How Two Women Used a Blog to Beat Their Kickstarter Campaign Goal by 227%

In the past few months on Think Traffic we have interviewed bloggers about how they’ve built up 100,000 readers, made a living off their blog in just six months, and how they’ve re-launched their blog to double their readership.  Today, you’re in for something a little different.

Just a few weeks ago, Shannon Whitehead and Kristin Glenn from Revolution Apparel started a Kickstarter campaign to launch their brand new line of clothing. (If you haven’t heard of Kickstarter before it is the world’s largest online funding platform for creative projects.) The original goal for their fundraising was $20,000. After just 4 weeks, they are already have over $46,849 pledged by 583 different backers

That’s over 215% of their goal with a full week left to go. (Update: Their Kickstarter campaign is now closed and fully funded at $64,246. 321% of their goal!)

How did they have so much success? Keep reading to find out how having a blog was a major reason for their success.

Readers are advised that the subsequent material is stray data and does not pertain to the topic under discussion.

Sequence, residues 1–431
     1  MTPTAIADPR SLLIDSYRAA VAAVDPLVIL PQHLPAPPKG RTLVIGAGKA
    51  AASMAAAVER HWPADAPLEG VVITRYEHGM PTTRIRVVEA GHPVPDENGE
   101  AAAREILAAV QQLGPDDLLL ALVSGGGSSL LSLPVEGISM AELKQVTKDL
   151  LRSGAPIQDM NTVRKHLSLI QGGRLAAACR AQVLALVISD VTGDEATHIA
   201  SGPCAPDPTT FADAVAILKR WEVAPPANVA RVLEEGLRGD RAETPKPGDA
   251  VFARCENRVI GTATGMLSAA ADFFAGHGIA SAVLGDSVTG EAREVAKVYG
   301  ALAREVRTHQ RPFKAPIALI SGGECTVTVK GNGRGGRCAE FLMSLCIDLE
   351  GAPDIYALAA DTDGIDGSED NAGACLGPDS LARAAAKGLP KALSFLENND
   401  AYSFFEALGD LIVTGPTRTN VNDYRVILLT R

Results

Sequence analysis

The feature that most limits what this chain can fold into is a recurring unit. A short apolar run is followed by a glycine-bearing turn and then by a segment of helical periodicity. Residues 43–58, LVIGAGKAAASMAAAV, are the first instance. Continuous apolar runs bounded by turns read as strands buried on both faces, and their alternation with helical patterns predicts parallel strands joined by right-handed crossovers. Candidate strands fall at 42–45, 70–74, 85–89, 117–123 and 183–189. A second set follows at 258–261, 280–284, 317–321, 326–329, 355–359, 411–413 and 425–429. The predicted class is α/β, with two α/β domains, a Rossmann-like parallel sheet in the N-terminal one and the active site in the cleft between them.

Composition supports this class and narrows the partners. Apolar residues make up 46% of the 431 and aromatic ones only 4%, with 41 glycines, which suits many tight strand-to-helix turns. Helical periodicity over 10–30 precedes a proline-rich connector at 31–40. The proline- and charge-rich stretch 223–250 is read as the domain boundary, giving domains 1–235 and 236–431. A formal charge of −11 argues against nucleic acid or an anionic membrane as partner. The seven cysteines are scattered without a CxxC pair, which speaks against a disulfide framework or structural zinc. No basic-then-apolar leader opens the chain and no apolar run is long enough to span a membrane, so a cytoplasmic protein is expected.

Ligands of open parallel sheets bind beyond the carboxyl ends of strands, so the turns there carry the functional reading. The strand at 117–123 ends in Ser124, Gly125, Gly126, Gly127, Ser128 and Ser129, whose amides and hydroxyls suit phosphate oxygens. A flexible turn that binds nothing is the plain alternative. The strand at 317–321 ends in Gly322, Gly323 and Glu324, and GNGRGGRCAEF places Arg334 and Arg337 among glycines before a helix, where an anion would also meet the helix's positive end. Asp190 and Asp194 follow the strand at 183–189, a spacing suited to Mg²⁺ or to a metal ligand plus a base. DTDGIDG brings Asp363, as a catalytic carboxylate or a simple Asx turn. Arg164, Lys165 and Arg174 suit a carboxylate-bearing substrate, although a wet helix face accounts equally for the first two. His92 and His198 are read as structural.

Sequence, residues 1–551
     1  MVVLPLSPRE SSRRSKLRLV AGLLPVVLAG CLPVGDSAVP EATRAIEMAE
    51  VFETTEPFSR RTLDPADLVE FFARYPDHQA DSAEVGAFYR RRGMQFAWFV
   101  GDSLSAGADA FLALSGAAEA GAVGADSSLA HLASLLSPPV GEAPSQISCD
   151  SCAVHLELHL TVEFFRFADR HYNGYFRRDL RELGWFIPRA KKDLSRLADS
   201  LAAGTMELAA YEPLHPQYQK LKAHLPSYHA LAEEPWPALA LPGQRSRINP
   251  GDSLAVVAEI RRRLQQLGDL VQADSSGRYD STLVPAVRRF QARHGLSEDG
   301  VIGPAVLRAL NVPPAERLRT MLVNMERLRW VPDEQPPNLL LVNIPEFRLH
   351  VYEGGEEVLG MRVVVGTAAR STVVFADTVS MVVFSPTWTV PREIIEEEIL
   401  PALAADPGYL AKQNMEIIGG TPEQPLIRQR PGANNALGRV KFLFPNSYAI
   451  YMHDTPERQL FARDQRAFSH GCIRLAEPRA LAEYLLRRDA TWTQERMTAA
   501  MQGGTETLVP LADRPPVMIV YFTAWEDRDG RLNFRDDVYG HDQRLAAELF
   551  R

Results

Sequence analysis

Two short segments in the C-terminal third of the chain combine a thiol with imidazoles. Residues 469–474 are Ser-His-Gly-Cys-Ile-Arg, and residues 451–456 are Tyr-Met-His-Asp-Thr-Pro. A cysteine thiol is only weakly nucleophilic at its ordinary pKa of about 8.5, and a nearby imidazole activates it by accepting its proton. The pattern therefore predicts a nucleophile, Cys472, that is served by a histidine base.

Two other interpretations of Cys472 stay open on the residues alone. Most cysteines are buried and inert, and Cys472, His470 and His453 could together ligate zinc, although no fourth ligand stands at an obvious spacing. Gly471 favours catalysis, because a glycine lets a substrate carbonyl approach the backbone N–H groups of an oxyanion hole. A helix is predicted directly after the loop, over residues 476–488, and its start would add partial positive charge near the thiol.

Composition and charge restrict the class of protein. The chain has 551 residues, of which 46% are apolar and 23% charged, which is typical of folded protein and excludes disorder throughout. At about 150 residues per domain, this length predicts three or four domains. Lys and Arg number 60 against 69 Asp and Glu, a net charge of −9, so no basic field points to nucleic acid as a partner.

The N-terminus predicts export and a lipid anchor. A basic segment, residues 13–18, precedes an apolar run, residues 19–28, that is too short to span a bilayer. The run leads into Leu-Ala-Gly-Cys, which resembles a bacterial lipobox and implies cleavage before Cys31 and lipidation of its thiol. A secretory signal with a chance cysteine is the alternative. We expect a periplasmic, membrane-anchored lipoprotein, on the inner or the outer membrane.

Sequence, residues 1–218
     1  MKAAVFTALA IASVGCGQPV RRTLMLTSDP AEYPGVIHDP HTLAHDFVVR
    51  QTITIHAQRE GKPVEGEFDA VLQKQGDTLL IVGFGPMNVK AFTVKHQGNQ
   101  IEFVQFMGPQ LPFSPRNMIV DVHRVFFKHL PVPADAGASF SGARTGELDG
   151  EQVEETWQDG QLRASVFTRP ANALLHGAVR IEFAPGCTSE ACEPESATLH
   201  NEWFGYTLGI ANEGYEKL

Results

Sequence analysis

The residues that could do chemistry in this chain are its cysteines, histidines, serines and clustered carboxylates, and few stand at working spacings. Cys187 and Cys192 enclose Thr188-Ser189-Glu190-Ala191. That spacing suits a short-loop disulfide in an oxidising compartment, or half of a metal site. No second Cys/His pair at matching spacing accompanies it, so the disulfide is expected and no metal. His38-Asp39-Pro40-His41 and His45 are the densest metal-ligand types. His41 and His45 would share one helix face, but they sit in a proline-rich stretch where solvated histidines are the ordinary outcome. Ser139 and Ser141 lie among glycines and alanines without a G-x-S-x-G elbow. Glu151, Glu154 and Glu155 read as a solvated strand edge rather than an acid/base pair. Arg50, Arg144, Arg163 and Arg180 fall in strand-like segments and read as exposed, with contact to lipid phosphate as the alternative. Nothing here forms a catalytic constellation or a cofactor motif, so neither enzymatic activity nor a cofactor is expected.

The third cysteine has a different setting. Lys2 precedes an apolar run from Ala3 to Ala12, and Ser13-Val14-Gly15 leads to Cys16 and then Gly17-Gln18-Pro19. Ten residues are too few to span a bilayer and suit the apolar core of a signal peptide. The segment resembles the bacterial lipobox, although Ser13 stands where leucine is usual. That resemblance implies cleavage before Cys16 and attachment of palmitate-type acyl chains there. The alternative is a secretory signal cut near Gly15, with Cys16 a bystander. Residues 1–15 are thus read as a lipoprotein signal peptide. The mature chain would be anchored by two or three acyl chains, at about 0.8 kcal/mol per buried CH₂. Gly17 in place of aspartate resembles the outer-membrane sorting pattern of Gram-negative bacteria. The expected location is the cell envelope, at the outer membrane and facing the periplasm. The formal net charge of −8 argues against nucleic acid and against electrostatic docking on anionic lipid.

Why did you start blogging? 

Shannon & Kristin: We decided to start a blog two summers ago. We had been talking about starting a business, and knew that we wanted to share that process with other people, who were thinking of doing the same thing. Especially after the financial debacles of 2008, we knew that we weren’t the only ones trying to live on our own terms.

The blog launched in September 2010 — before we even had a firm business idea in our minds. We wanted to share the whole process, from early concept to success. The entire summer before launch, we hashed out details of our blog (What’s the focus? What’s our mission?). It turned out to be a great way to hold ourselves accountable to our ideas and connect with like-minds.

Why did you choose apparel as your business idea?

Shannon & Kristin: Two summers ago, when we were tossing ideas back and forth, fashion kept coming to the forefront in different ways. Jewelry. Clothes. Bags. It seemed like a natural fit for us, to pursue travel and fashion. When the idea to design a versatile apparel line began to form, it just felt right. We were desperately seeking an idea that would allow us passion, purpose, and adventure, and this idea seemed to fit the bill!

How did having a blog in place help you accomplish business goals throughout the past year?